Three Poems

by Lawrence Cottrell (July 2022)

The Boat, Odelon Redon, 1897



Recedes sorrow’s tide along the buckling shore of his

____breezes switch,

________earth’s perfumes ride sighs asea.

From time’s abyssal he retreats ´to verdant shoulders of a
Where daisy tribes fleck cuffs of roads, and sorrels sup
____penumbras in the gardens.

The lady having stayed her journey into naught, his soul’s

____magpie trifling with play-pretties;

Passion shifted on its axis, rue’s ajar, through which steals
The flowering beat of summer’s heart to mingle with her

____upon his spirit’s plain —



Each Old Song

… on the road from hospital, where lay (half in pieces) the
____dearest dreamer of my dream,
Three girls rehearsing their routines, cheerleaders of some
____school, keen in their gymnastic…
And I would have spoke to them of she, who knows the
____words to each old song (it seems),
Dances for no reason in the kitchen, loves language,
____family, country,

____me (tuber sprouted ´neath a locust tree)…

But they would bear her like rill in flood a leaf, ´round a
____bend and then forgotten,

____too much decants of life’s elixir.

O’ I should tell them what I’ve seen, that in her cell
____beside the sun
A lady shoos the shadows still, surprising and surprised;
I should tell them what I’ve seen, of nestling glee behind
____her eyes…

____artless grace behind her eyes…

____________she surprising and surprised —




… can’t recall an unalloyed day entire, when this was
____satiate soul…
When I was six, perhaps, loved Carma Lee, or the first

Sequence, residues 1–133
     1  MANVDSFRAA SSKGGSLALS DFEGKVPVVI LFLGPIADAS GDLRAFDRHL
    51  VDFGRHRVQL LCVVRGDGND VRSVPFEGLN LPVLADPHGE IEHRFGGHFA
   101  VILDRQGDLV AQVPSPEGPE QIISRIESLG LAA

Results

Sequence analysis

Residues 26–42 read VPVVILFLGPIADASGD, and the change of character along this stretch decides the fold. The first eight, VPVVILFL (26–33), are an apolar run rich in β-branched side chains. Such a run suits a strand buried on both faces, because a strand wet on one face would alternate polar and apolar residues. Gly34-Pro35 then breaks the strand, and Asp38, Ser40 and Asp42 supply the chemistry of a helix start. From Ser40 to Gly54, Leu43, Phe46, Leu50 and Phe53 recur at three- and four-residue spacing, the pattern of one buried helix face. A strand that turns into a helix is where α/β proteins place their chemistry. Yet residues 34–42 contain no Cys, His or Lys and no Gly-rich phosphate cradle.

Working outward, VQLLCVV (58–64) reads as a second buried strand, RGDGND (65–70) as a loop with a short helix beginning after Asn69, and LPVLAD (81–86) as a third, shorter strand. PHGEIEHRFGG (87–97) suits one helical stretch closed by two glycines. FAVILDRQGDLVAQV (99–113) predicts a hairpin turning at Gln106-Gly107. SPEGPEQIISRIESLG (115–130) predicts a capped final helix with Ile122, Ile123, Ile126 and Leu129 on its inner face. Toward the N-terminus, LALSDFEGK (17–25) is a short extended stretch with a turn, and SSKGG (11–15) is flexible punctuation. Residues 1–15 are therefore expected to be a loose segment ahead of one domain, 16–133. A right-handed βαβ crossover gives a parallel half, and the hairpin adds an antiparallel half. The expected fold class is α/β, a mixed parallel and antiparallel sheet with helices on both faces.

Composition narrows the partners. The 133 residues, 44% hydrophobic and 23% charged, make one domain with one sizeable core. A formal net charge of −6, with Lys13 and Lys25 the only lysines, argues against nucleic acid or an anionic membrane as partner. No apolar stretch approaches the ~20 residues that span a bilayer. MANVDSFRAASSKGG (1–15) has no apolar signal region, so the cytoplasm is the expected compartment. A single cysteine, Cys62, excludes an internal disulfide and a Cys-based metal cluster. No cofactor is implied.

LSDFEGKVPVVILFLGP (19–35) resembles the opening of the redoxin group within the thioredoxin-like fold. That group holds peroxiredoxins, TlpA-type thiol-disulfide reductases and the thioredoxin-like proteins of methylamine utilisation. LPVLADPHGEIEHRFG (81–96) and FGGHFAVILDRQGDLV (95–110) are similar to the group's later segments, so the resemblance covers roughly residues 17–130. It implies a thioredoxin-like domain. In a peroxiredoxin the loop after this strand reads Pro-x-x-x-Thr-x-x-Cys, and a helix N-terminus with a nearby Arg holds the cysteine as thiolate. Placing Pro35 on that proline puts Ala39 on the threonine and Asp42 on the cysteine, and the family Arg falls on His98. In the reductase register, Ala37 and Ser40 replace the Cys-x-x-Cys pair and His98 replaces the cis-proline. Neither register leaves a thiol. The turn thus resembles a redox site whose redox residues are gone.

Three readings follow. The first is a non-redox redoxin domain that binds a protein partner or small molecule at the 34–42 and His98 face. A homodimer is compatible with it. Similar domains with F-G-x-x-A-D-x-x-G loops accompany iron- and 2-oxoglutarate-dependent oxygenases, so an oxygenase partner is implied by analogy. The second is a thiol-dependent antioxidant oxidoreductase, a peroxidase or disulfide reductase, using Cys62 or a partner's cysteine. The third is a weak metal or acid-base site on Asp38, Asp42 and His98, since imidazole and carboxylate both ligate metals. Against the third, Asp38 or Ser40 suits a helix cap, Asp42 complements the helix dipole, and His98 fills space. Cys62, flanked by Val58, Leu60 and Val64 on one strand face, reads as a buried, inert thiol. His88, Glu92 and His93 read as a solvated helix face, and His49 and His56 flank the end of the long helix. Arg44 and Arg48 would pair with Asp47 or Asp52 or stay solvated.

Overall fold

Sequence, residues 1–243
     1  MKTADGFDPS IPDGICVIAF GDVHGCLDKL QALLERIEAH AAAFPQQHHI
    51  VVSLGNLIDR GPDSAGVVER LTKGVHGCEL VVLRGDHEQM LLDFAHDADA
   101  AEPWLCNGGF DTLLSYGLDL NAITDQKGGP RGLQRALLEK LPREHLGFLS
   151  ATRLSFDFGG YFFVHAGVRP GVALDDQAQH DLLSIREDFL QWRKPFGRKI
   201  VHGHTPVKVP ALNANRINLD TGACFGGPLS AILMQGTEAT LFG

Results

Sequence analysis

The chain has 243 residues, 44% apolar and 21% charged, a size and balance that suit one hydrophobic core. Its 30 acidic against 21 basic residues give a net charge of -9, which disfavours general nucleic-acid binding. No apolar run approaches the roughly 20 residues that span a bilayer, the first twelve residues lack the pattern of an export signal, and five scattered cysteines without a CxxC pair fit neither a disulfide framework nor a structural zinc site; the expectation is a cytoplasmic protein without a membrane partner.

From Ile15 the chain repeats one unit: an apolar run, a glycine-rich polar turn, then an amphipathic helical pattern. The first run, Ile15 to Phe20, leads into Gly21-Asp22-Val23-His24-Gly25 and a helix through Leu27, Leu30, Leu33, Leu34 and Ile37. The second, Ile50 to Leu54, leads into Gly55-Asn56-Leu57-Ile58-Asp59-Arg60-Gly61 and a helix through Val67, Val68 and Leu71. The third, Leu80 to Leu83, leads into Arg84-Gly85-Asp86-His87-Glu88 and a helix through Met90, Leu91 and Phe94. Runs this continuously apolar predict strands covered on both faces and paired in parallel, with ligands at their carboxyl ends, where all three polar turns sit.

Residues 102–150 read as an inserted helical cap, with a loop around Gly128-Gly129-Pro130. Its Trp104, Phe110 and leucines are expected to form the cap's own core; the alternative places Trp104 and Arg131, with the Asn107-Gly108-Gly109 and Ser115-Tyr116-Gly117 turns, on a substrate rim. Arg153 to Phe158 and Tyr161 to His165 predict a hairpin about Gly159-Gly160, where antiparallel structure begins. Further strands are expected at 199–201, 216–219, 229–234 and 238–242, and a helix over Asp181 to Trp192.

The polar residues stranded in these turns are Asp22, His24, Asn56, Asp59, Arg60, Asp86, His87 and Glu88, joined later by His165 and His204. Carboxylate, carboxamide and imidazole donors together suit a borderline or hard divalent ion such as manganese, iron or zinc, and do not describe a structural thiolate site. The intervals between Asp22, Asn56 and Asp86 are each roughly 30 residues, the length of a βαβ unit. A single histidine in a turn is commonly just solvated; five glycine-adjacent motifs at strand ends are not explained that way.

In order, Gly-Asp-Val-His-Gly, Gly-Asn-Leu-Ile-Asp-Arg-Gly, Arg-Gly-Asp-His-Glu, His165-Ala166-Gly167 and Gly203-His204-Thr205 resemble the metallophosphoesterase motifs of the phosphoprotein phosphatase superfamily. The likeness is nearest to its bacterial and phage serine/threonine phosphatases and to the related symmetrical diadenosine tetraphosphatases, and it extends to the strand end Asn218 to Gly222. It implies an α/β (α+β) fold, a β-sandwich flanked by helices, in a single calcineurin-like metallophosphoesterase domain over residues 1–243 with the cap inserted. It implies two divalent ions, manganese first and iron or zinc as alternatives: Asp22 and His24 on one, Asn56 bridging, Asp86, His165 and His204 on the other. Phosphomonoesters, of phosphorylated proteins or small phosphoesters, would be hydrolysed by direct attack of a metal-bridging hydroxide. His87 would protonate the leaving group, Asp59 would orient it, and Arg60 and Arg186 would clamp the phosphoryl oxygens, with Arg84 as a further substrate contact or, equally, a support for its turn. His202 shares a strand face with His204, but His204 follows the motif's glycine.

____delicious transit of the sun

____when school was out,

Watched trains shift dawn to dusk in the New York
____Central yard…
When nothing cloyed, how so much it filled my eyes;
Was blithe in realms of make-believe, dwelt as mist
____among the sweeps and planes of grownup care.

Perchance ´twas never so. There were moments, merely,
Boutonnieres in mind’s lapels that age would make a
But I would have it otherwise, that some commonplace
____quotidian was sublime,
And I quaffed it like a ruby throat petunia wine, a
____dionysian thirst

____I slaked one flawless instance

____________of a summertime —



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Lawrence Cottrell has lived in West Virginia, mostly, preferring to dwell among good people, in a place where change is an unloved orphan. He has a BA from West Virginia State University and attended several graduate schools, leaving each finally to walk mist-hewn hollers and prowl wind-blasted ridges, to be where valleys can be spanned by two arms and a broom handle, and noons aren’t quite sure of themselves. His poems have appeared in The LyricAppalachian HeritageGood Foot and Grab-a-Nickel, among others. His work is in the celebrated anthology Wild Sweet Notes: Fifty Years of West Virginia Poetry 1950-1999. He blooms presently at a bend of Elk River’s meander.

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